Here at IBM InterConnect conference in Las Vegas this week, it's clear IBM is pushing forward with its strategy of building services and solutions for cloud and big data around open-source initiatives. A lot of the stuff is impactful, of course, but perhaps the most impactful of all will be IBM's sprinkling of holy water on Blockchain, the highly distributed global ledger that is mainly used to keep track of Bitcoin transactions, but may see wider applications.
To promote the use of Blockchain in the enterprise, IBM said it has made nearly 44,000 lines of code available to the Linux Foundation's open source Hyperledger Project to help developers more easily build secure distributed ledgers that can be used to exchange most anything of value.
At InterConnect, senior VP of IBM Cloud Robert LeBlanc said Blockchain opens up many new doors for enterprises, enabling "new services allow developers to come and create available and secure digital transactions over these networks." Blockchain code is being made available in IBM's BlueMix Garages -- its startup incubators.
So, what exactly is Blockchain technology? You can be forgiven for scratching your head on what exactly it is. At the Saugatuck Cloud Buisness Summit a couple of months back, Irving Wladawsky-Berger, a former IBM executive and digital-age thought leader, pondered the potential of Blockchain, noting that "to most people like myself it's really weird right now." He likened Blockchain to a highly distributed global database, noting that a couple of decades back, the Internet itself seemed "really weird when it first showed up."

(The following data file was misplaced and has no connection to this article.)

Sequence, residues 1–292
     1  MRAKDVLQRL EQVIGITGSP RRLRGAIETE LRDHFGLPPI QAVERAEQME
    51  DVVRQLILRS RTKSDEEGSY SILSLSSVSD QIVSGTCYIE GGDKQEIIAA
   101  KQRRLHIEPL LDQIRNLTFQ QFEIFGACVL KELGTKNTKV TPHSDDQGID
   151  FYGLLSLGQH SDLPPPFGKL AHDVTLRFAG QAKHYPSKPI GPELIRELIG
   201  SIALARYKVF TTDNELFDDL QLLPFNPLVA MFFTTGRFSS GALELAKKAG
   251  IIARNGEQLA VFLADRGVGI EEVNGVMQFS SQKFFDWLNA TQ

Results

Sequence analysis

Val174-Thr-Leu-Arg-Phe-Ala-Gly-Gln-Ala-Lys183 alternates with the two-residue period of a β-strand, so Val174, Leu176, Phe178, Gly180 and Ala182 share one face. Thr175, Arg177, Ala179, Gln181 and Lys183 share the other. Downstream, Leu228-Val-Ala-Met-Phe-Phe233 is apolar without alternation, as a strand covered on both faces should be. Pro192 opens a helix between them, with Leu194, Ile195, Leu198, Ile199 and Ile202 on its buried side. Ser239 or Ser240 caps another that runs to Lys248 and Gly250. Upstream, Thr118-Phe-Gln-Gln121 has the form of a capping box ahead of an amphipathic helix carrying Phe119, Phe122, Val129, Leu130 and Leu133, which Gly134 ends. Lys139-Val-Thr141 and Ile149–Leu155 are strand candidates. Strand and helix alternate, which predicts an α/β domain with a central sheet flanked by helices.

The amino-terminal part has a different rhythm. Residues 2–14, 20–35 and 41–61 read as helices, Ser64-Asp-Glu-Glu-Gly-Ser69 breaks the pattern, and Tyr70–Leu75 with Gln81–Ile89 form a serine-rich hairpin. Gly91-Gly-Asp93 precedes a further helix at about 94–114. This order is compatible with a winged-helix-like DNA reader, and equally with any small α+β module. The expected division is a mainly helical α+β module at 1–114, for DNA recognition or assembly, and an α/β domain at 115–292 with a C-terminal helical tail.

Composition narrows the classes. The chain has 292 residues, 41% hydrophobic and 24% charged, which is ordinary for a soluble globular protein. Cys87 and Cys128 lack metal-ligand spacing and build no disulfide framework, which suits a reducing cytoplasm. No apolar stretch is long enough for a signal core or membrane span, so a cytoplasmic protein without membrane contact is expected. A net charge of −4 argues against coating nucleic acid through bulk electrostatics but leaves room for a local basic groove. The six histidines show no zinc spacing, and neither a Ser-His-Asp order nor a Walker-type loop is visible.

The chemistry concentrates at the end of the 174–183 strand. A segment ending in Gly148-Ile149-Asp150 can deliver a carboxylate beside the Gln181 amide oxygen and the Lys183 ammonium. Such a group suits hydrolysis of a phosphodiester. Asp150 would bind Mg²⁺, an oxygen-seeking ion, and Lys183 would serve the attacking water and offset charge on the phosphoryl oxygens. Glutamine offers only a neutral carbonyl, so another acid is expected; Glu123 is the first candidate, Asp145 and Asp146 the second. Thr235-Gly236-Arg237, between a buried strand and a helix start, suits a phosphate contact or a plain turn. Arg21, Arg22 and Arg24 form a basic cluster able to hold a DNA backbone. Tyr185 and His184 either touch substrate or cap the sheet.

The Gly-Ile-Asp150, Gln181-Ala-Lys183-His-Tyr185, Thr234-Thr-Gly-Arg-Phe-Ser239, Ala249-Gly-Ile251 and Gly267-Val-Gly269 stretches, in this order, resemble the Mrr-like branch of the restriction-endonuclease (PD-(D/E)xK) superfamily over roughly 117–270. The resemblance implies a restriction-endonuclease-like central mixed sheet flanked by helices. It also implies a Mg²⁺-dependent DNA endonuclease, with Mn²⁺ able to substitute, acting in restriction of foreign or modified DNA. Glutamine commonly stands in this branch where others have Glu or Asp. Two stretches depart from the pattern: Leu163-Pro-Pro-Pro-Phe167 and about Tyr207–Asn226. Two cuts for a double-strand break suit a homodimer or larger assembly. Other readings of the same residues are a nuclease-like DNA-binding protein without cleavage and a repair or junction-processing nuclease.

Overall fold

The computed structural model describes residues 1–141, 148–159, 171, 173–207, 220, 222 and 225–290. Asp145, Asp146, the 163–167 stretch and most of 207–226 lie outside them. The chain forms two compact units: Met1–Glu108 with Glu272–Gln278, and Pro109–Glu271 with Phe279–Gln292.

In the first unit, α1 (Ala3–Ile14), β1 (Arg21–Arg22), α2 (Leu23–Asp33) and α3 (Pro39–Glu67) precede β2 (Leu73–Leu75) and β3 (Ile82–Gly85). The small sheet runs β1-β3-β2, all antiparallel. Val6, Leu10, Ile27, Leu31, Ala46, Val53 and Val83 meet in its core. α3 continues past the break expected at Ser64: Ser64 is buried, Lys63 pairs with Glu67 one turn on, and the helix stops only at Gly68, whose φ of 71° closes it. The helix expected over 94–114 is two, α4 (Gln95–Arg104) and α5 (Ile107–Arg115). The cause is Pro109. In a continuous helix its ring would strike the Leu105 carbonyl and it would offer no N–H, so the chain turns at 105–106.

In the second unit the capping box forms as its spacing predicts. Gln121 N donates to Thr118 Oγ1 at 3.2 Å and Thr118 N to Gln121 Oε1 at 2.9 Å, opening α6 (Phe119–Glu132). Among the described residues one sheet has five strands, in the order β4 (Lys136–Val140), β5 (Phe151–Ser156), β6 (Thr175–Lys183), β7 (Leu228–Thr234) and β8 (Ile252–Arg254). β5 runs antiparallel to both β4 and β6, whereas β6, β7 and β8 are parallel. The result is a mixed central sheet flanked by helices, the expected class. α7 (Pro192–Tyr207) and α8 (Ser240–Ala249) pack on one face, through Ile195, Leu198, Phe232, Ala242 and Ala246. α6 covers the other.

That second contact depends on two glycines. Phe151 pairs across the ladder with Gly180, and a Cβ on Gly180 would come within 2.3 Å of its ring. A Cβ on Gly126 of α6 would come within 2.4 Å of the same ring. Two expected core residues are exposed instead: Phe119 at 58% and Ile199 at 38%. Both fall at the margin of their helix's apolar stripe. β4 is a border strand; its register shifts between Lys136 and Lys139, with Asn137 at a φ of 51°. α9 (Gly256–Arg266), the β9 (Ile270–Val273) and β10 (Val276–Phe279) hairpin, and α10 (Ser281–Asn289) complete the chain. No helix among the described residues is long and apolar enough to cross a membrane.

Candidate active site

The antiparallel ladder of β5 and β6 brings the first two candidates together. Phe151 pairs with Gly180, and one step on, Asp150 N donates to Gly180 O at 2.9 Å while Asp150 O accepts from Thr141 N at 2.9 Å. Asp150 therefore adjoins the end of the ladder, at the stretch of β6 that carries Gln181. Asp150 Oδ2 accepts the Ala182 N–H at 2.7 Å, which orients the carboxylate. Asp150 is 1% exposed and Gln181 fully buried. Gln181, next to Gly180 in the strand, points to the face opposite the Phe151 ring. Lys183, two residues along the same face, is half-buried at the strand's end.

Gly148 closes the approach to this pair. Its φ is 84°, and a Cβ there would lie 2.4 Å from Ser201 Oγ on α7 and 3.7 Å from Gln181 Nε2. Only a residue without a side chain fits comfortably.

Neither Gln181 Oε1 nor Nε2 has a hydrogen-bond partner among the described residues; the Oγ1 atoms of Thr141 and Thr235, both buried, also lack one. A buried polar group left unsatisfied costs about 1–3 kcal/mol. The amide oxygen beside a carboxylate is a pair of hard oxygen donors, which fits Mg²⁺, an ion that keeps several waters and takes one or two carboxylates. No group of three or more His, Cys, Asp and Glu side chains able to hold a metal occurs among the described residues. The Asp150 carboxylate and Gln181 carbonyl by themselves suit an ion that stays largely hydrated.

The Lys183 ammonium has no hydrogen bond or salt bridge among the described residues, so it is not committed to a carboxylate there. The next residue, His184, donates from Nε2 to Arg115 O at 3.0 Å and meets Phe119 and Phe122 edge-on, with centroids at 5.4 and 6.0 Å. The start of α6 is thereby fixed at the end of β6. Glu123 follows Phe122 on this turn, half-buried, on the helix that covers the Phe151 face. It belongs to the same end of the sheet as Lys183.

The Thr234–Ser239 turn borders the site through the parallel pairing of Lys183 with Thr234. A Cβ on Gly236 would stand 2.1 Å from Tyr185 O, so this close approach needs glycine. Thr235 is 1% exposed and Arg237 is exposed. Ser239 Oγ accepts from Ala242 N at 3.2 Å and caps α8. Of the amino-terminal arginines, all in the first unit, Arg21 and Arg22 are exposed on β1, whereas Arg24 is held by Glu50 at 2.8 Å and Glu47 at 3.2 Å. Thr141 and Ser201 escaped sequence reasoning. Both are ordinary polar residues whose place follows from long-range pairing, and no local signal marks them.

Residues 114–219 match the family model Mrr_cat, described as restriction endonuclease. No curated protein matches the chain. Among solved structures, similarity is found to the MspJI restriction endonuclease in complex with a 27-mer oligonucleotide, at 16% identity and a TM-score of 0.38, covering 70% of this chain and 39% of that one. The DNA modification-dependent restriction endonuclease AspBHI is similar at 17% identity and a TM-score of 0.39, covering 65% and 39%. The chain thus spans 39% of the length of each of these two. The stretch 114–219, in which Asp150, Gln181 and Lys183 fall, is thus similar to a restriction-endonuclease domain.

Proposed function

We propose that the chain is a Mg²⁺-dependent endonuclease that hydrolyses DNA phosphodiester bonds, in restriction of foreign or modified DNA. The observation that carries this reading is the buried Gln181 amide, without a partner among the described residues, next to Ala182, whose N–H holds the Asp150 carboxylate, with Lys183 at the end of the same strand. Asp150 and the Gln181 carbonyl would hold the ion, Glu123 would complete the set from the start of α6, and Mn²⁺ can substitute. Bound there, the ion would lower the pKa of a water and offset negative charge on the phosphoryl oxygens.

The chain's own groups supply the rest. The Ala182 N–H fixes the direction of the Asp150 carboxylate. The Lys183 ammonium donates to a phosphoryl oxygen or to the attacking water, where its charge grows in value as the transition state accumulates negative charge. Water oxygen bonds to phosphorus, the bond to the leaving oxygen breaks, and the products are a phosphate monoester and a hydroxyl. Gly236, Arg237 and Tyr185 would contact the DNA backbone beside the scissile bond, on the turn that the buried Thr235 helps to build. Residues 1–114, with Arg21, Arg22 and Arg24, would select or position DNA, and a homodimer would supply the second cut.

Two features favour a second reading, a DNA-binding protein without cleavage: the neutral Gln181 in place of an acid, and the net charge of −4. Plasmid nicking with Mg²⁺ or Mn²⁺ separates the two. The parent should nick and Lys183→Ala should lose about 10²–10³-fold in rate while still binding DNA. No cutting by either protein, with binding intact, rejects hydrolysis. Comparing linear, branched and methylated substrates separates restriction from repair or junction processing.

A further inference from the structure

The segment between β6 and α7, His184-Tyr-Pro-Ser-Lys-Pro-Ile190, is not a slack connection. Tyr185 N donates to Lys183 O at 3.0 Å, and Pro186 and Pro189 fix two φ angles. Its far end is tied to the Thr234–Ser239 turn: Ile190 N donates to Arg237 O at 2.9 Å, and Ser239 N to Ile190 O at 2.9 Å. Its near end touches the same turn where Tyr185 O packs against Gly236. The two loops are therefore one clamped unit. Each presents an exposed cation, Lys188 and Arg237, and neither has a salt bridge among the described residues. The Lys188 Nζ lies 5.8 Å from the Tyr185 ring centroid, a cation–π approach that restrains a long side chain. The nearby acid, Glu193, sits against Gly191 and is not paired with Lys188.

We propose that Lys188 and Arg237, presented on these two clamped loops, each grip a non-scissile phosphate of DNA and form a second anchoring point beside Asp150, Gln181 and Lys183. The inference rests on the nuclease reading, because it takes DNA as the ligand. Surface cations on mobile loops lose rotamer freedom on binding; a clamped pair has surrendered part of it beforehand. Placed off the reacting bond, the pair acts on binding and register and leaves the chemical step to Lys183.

Blockchain is a virtual, shared ledger - or you could call it a database -- that exists in cyberspace that enables users to track records and accounts. It's most commonly associated, at this time, with Bitcoin, and serves as a neutral way to keep tabs on accounts. Blockchain's security comes out of its highly distributed nature -- according to Wikipedia, it is based on "a continuously growing list of data records hardened against tampering and revision, even by operators of the data store's nodes."
IBM says Blockchain can help "re-imagine the world's most fundamental business interactions and open the door to invent new styles of digital interactions," as it has "the potential to vastly reduce the cost and complexity of cross-enterprise business processes." That's because Blockchain's distributed ledger "makes it easier to create cost-efficient business networks where virtually anything of value can be tracked and traded--without requiring a central point of control." There are a number of applications which can benefit from Blockchain, which "allows securities to be settled in minutes instead of days. It can also be used to help companies manage the flow of goods and related payments, or enable manufacturers to share production logs with OEMs and regulators to reduce product recalls."
There is potential with Internet of Things applications as well. With the Watson IoT Platform, IBM says it "will make it possible for information from devices such as RFID-based locations, barcode-scan events, or device-reported data to be used with IBM's Blockchain. Devices will be able to communicate to blockchain-based ledgers to update or validate smart contracts. For example, as an IoT-connected package moves along multiple distribution points, the package location and temperature information could be updated on a blockchain. This allows all parties to share information and status of the package as it moves among multiple parties to ensure the terms of a contract are met."
(Disclosure: IBM is assisting me with travel expenses to InterConnect.)